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Moving on transportation


Column by David Cox

First a $20 billion problem. Then the travesty of a bill that doesn’t solve the problem, but does include fees which judges, one by one, are voiding as unconstitutional. Now a bridge collapses in Minnesota, drawing all eyes to how well – or not – our bridges are maintained.

In other words, transportation is all the news.

What the legislature passed this spring, and the governor signed, falls short on many fronts. It doesn’t cover the costs – $3 billion’s a long way from $20 billion. It gives authority to regional groupings in Northern Virginia and Hampton Roads to raise taxes in those areas, but are those regional bodies, not being elected, have that constitutional right? Some $65 million depends upon abusive driver fees which (a) courts are declaring unconstitutional because they apply only to Virginians, and (b) don’t provide a reliable income stream necessary to meet the job ahead. If Virginians become safe drivers – let us hope – then the income goes down and the state doesn’t get the money it needs.

Talk about a conflict of interests!

What to do? I think we need to start all over. While I don’t have all the answers by any means, here are some suggestions:

1. Suspend the abusive-driver fees. Two judges have nixed them already. Quit before we have to spend more big bucks on lawyers, and drop them until one or two appeals can be decided or the legislature repeals them, whichever comes first. Which leads to:

2. Repeal the fees. The Assembly meets in January. Let its first main business be to correct its mistake. Meanwhile:

3. Scrutinize all bridges and other danger-points, as a matter of public safety and as a means of figuring what we need to do. Evidently the government has already begun this review of the 9 percent of “structurally deficient” bridges. Good. It’s a matter of life and death.

4. Gov. Kaine should consider calling a conference to review the entire transportation program. Let a commission of legislators, engineers, police, prosecutors, consumers and others of broad vision as well as expertise meet ASAP after the election to determine next steps so the Assembly can act on their recommendations in January.

5. Raise the gas tax. No fan of tax hikes, I still think this is the fairest “user fee” of all. It applies to anyone who buys gas in Virginia, and, thus, anyone who uses our roads. It doesn’t single out one group, nor exclude out-of-staters.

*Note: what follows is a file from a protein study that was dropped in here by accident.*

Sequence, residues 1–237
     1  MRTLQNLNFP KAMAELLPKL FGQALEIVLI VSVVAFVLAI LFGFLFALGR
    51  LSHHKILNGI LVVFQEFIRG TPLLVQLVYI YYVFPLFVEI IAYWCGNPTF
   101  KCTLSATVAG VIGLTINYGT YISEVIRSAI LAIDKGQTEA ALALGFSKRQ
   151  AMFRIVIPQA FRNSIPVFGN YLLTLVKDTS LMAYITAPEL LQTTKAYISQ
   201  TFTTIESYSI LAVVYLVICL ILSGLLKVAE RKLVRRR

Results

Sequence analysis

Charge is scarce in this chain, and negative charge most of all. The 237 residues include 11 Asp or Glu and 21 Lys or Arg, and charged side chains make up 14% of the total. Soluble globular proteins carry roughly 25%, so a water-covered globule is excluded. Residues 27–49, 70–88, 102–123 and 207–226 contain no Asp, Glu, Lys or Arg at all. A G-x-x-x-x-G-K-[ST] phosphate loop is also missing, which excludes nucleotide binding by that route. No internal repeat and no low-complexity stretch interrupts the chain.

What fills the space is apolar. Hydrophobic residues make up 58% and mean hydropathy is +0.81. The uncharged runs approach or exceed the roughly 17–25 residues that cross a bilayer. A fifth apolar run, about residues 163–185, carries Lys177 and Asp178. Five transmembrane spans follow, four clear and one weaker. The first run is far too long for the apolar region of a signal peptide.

Plus, we’ve all been getting a break since 1986 when it was first passed. Then, the tax was worth the 17 cents we paid. Now, that 17 cents/gallon has the buying power of only 9 cents. If it had been adjusted for inflation, we’d pay 32 cents, which at $50 million for every penny, would have added $750 million to our transportation coffers this year (along with the $850 million resulting from those 17 cents) – not including the matching funds sent by the federal government. All that would have helped keep Virginia moving on our transport.

I don’t suggest a 15-cent hike. I do suggest a couple of cents, BUT with an inflation factor (say, inflation + 1 percent, which is the figure proposed by those who, in the recent GOP primary, wanted to limit tax increases). Applied each year for a set period (then requiring reauthorization), we slowly regain what we had lost. BUT:

6. Safeguard the transportation fund. By law or constitutional amendment, ensure that what’s designated for transport goes for transport. This is just a beginning. We may face more taxes. We may have to use general funds, and certainly economize wherever possible – topics for future columns.

But Minnesota makes clear: We as a nation have a crisis in infrastructure. The waterpipes of Goshen make clear that it’s not a matter of bridges alone. The gridlock of NoVA makes clear that it’s not a matter solely of maintenance, either. But falling bridges show that this truly is an issue of public safety that we must address.

Now. I, for one, don’t want to have to figure out which one out of every 11 bridges might collapse under me, or my children, or you and yours.

David Cox is the Democratic Party nominee in the 24th Senate District.



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